OCT. 30 –The Tennessee Wildlife Federation’s Hunters for the Hungry program is open for the season. Participating deer processors throughout the state are now accepting donations of whole deer to feed local families in need.
This year, more than 80 deer processors in 66 counties are accepting deer donations. In Hardin County that includes Sarah’s Deer Processing and Woods Taxidermy & Deer Processing.
Hunters for the Hungry is a unique program providing healthy protein to hungry Tennesseans. When hunters harvest a deer, they may donate it to Hunters for the Hungry at a participating processor. The venison is processed for free or at a reduced rate and then provided to area food banks or soup kitchens. One deer provides as many as 168 meals of venison.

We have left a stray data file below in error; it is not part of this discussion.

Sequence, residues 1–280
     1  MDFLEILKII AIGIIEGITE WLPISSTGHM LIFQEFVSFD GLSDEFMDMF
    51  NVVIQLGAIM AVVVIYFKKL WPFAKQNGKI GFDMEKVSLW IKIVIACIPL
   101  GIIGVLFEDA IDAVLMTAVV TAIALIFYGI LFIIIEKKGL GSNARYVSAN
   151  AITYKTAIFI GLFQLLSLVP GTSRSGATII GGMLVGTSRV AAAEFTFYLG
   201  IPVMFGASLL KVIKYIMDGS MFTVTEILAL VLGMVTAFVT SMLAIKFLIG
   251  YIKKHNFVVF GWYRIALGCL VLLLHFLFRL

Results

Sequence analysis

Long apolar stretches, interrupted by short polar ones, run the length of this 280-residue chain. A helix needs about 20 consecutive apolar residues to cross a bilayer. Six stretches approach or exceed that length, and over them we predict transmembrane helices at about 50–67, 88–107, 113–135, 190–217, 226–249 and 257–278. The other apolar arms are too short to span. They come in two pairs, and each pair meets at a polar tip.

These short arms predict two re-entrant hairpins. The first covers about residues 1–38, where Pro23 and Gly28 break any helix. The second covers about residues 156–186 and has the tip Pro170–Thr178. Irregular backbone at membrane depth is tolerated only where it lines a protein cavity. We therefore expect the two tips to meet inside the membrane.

“For the first time ever, we have full funding in Tennessee. Every participating processor has funds to accept 10 or more donated deer at no cost to the hunter,” said Matt Simcox, Hunters for the Hungry manager. “We were able to expand the program this year thanks to the hard work of high schoolers across the state who raised money as part of the Hunger Challenge.”
Both 2015 and 2016 were record seasons for Hunters for the Hungry. Tennessee Wildlife Federation is hoping to continue the trend—making the 2017 season the most impactful yet and providing more meals to those in need.
“Hunters for the Hungry is in its 20th year in Tennessee and has provided nearly 6 million meals in that time,” Simcox said. “The program also connects hunters to their communities, allows them more opportunities to hunt, and helps better control our state’s deer population.”